Published Date : Dec 23, 2021 / Edited Date : Oct 18, 2022
Time Travel to Seoul of 100 Years Ago via Stonewall Walkway
When you look across the street from the large grass plaza in front of Seoul City Hall, you can see a stonewall walkway along some sidewalk trees. At the end of the walkway, there is Daehanmun Gate, the main gate of Deoksugung Palace. Inside the street to the left of Daehanmun Gate, you can find beautiful autumn foliage. The street is called “Deoksugung Stonewall Walkway” and it is linked to Jeongdong-gil, another famous walking path in downtown Seoul.
The surrounding area started to be called “Jeong-dong” after “Jeongneung,” the tomb of Queen Sindeok, the second wife of Yi Seong-gye, founder of Joseon. Here King Gojong dreamed of the beginning of the Korean Empire at the end of Joseon dynasty. It is also the first region in Korea where new civilizations arrived as consulates of Western countries began to be established. Keeping the history of the late Joseon dynasty and the painful memories of the Japanese occupation of Korea, Jeong-dong is a large museum in of itself that has the records of the modern history of Seoul.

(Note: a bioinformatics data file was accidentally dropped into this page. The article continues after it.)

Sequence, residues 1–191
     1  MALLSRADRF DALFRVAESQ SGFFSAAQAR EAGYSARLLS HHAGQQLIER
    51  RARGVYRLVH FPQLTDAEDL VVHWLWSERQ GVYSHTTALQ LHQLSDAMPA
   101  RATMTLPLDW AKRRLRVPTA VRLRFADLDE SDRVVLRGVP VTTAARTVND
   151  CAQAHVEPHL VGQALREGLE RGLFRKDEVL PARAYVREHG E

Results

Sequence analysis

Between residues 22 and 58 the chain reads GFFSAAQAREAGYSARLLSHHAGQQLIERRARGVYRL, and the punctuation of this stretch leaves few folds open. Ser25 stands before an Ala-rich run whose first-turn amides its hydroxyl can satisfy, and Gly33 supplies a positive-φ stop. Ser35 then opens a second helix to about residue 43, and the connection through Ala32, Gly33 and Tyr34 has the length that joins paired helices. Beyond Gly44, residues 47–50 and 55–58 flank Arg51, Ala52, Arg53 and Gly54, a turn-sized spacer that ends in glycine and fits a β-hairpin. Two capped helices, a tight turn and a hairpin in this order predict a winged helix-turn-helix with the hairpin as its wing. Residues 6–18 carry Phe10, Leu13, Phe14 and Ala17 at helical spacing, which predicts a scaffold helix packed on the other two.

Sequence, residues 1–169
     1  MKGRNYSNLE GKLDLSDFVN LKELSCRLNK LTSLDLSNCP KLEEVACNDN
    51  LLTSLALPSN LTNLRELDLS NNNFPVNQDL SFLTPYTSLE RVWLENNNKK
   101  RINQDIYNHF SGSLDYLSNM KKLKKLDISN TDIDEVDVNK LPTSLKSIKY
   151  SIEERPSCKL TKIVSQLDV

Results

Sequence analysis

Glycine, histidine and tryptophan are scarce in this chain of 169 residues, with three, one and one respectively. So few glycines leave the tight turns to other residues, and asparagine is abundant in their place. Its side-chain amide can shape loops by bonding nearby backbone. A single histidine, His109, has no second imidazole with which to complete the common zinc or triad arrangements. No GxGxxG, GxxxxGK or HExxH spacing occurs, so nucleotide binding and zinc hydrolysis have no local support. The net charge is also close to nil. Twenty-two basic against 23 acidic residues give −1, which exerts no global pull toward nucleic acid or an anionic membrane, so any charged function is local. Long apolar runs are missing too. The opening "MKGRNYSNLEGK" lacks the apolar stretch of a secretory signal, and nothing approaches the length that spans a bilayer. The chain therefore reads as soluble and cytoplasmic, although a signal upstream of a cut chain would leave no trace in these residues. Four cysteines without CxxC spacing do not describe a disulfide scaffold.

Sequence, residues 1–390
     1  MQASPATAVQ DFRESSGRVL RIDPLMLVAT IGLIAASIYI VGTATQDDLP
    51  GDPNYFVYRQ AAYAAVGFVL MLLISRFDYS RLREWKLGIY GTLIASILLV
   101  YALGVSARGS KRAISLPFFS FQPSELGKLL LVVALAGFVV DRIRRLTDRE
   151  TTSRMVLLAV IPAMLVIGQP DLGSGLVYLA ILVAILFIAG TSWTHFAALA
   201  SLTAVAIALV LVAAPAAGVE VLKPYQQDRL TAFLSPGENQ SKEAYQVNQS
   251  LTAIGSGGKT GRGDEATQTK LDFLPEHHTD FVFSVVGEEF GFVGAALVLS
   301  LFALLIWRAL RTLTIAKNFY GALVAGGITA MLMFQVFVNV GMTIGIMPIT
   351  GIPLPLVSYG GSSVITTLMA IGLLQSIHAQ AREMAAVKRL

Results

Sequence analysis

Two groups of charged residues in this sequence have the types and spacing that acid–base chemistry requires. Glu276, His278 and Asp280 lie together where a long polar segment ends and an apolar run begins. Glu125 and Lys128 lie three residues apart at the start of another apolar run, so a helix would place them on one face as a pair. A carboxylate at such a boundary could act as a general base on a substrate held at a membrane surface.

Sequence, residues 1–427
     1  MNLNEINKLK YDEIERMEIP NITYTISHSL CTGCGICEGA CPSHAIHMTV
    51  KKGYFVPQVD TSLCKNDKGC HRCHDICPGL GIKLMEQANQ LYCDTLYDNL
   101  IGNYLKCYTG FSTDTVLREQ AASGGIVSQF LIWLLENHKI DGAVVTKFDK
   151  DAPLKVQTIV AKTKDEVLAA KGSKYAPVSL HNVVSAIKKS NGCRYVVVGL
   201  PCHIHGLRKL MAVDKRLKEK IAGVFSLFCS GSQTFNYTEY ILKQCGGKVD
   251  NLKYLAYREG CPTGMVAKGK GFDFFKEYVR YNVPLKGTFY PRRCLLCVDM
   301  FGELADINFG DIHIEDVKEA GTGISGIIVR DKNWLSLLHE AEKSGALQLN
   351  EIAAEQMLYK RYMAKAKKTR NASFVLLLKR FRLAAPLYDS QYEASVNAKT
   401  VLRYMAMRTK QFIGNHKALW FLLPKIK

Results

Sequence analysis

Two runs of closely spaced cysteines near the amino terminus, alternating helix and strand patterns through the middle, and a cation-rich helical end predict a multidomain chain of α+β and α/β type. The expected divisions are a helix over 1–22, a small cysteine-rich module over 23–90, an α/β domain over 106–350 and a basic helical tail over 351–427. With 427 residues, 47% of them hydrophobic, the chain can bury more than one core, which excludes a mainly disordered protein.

Jeong-dong has a romantic and relaxing walkway that reminds visitors of Korean history. Let’s enjoy the autumn landscape of Jeong-dong while looking back on the past of a hundred years ago at the center of a rapidly changing Seoul.
A Pleasant Stonewall Walkway